These terms describe techniques to write data on disks. In the iside of a hard drive, several magnetic disks rotate, which are written on or read from with write and read heads.
The usual method of storing data as magnetic information is Perpendicular Magnetic Recording, or PMR. Here, the data (ie the consecutive zeros and ones) are written one behind the other on your track. The special feature is the arrangement of the magnetic information: Like a magnet with a positive and a negative pole, the magnetic information has two ends. In order to accommodate as many of them as possible in a small space, you do not simply write them one after the other, but rather into the depths. So you stack the magnetic bits vertically next to each other (perpendicular). This gives you a very high data density, but it is still possible to overwrite all areas without loss of speed again and again.
To squeeze even more data onto a magnetic disc, Shingled Magnetic Recording, or SMR, has been developed. This allows an 25% higher storage density. But where does the magnetic disk get the additional amount of space from? Well, you do cheat a bit. While the tracks are written cleanly next to each other with PMR, the SMR system writes a new track slightly over an already existing one and just leaves so much untouched that the information is still readable. The name “shingled” comes from shingle and refers to the overlapping approach. The problem with this is that traces that contain information must also be rewritten in this process. You can not just write a new track with new information, you have rewrite all tracks that get touched in this process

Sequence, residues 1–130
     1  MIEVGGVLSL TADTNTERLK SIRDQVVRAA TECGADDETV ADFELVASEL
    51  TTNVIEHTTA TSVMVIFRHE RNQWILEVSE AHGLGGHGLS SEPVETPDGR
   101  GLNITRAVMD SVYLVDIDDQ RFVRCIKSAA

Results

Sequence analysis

This is a huge disadvantage when very large amounts of new data have to be written and a very large amount of existing data must be re-sorted and rewritten, so that data rates fall sharply. As a result, hard drives using this technology are suitable as archive drives that are rarely written but often read, and drives that sometimes add several gigabytes of data (but not several hundred at a time).